Cross-posted at Letters Blogatory.
Americans love parades. My kids and I look forward to the Roslindale Day Parade every year. The local schools send marching bands and dancers. All the local businesses have floats. The politicians are there shaking hands and kissing babies. There are fire engines and antique cars. And sometimes the army sends a band, too. It’s a great neighborhood parade, and something similar happens in neighborhoods around the country on holidays.
There’s another kind of parade. I remember it from news reports during the Cold War. Each year the Soviet Union would parade its military hardware through Red Square. Octogenarian leaders would stand in the reviewing stand, and intelligence analysts would study photos of them to try to divine what was going on inside the Kremlin. These parades were kind of scary, at least for children: just whom were all those missiles aimed at?
President Trump has decided he wants a big military parade down Pennsylvania Avenue. The idea is about as popular as the President himself:
Members of Congress from both parties joined retired military leaders and veterans in heaping scorn Wednesday on President Donald Trump’s push to parade soldiers and weaponry down the streets of the nation’s capital—calling it a waste of money that would break with democratic traditions. …
“I think confidence is silent and insecurity is loud,” Sen. John Kennedy, a Louisiana Republican, told reporters in expressing opposition to the idea. “America is the most powerful country in all of human history; you don’t need to show it off.”
“This is definitely not a popular idea,” added Paul Rieckhoff, the CEO of Iraq and Afghanistan Veterans of America, describing the feedback he is getting from members of the largest group of post-Sept. 11 veterans. “It’s overwhelmingly unpopular. Folks from all political backgrounds don’t think it is a good use of resources.”
But because he’s the President and Commander-in-Chief, Trump is in the unique position of having the power to order whatever parade he likes. So unless something changes, it looks like we are going to have a big military parade in Washington.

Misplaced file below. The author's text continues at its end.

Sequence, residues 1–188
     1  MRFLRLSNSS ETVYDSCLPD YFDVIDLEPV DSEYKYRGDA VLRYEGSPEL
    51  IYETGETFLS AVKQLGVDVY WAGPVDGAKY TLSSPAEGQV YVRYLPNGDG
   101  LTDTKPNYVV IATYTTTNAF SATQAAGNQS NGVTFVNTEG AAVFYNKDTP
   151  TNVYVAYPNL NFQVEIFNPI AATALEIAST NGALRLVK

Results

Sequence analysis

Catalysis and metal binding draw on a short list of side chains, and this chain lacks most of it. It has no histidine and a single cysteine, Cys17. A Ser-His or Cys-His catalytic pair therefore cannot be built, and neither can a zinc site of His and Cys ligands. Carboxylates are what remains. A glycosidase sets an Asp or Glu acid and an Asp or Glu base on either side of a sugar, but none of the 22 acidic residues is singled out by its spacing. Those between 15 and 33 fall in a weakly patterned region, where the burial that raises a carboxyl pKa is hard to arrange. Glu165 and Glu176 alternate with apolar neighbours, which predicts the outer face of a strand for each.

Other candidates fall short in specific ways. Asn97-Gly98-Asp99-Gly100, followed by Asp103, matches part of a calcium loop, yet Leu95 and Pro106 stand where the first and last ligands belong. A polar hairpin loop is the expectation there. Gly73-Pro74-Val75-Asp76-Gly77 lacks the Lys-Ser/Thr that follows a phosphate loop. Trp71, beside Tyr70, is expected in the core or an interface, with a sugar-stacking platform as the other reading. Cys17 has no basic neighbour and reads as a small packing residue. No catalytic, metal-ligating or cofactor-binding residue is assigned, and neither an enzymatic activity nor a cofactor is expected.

Yes, I know they do such things in France; military parades aren’t just for totalitarians. But it seems to me that in France the parades are just a symptom of Gaullist insecurity about France’s place in the world of great power politics. As Senator Kennedy said, we don’t need the reassurance. And yes, President Bush ordered a big parade after the First Gulf War. That, too, was sharply criticized at the time, but at least there was a traditional justification, namely, an unambiguous and complete victory on the battlefield.
Much of the criticism of the parade idea turns on the cost of it. But the more fundamental criticism is that we don’t do that kind of thing. Is it legal? Sure. Can we afford it? If we can afford more than $1 trillion in tax cuts, then why not? But is it American? No way.
What else don’t we do in America? We don’t accuse our political opponents of treason for any reason, let alone for failing to clap for the President during a speech:
“They were like death and un-American. Un-American. Somebody said, ‘treasonous.’ I mean, Yeah, I guess why not? Can we call that treason? Why not? I mean they certainly didn’t seem to love our country that much.”
Contrast President Trump’s tin-pot dictator attitude with one of the first Republican candidates he vanquished during the primaries, Jeb Bush. Bush would have been an ordinary bad President, in my view, but he seems to be a decent, thoughtful person. “Please clap,” he said, when no one did. He knew he was losing and was able to make a mordant joke at his own expense. Trump never laughs, and he certainly never laughs at his own expense. And if you laugh at him, or don’t clap for him—treason.
Leave aside all of the worries about obstruction of justice, profiteering in office, and other wrongdoing. Leave aside all of the policy ineptitude. There’s a limit to how much un-American stuff our political culture can take.